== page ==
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Here is a more specific example:

public class A {
    public static class B {
             public void f() {
                 synchronized (B.this) {
                     // do something

What does B.this refer to?

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Same as this. As the class is static, there even does not exist A.this. B b = new B();: B.this would point to b. – Joop Eggen Feb 6 '12 at 14:27
@JoopEggen A is not static, A.this exist – Adel Boutros Feb 6 '12 at 14:28
@AdelBoutros But not inside B, or B instance. – Joop Eggen Feb 6 '12 at 14:29
@AdelBoutros But not from within B, this is what he probably meant... – quaylar Feb 6 '12 at 14:30
up vote 5 down vote accepted

It's the active instance ofB. If the class weren't static, you'd also haveA.this` available, to refer to the containing instance of A.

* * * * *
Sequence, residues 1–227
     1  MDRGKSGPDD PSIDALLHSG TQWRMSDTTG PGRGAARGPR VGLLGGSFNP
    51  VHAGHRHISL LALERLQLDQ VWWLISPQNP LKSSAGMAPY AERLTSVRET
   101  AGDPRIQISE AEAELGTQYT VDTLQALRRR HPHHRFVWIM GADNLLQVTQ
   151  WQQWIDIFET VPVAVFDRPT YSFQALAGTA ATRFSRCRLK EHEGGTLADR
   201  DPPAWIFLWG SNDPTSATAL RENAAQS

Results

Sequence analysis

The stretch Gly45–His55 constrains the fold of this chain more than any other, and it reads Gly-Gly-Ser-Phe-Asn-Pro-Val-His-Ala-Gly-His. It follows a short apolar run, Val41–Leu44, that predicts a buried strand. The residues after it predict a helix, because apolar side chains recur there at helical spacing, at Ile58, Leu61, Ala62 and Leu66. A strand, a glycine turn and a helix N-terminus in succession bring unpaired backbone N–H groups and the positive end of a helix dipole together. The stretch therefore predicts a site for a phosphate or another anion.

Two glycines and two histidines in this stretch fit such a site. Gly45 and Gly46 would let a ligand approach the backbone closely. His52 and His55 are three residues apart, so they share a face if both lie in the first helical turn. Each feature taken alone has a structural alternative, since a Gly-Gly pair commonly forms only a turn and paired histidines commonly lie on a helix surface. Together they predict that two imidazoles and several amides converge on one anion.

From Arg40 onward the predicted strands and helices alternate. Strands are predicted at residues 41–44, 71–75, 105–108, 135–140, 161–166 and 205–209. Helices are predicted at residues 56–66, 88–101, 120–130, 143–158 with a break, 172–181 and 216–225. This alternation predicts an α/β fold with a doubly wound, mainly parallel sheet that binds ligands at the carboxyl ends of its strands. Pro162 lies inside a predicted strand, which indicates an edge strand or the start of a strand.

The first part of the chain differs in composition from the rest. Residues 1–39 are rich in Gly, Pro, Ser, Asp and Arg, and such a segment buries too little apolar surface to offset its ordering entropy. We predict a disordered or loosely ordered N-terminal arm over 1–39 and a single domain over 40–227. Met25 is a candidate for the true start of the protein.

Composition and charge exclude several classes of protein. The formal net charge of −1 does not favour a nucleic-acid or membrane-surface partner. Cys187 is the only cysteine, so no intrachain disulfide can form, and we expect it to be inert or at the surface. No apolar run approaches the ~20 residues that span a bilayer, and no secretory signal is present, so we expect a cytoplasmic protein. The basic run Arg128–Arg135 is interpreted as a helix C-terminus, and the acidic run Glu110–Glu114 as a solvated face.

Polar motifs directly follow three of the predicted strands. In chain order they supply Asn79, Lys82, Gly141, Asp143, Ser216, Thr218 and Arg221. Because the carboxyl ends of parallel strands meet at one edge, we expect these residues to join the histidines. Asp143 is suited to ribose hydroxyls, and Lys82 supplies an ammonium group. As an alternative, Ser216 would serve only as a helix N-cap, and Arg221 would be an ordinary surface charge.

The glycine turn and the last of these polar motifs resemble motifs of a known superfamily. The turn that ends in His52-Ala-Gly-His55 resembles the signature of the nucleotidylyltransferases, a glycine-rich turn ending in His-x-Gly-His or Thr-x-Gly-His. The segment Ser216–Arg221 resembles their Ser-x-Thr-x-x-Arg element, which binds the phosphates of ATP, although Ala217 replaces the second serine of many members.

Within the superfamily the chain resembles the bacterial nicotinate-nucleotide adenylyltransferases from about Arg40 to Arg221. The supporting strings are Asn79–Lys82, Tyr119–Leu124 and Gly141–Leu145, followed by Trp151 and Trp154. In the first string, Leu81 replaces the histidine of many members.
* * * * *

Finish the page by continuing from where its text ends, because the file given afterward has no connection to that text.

Because the class is static, it should never be necessary to use B.this, as simply this would never be ambiguous.

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Why would "this" be ambiguous if B is not static? Wouldn't it always refer to B's instance ? – Aneesh Feb 7 '12 at 4:48

Here, B.this is an awkward way to write this.

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It locks the exact same thing as if you had B as an outer class and did

public class B {
  public void f() {
    synchronized (this) {
      // do something

which means the current instance of B.

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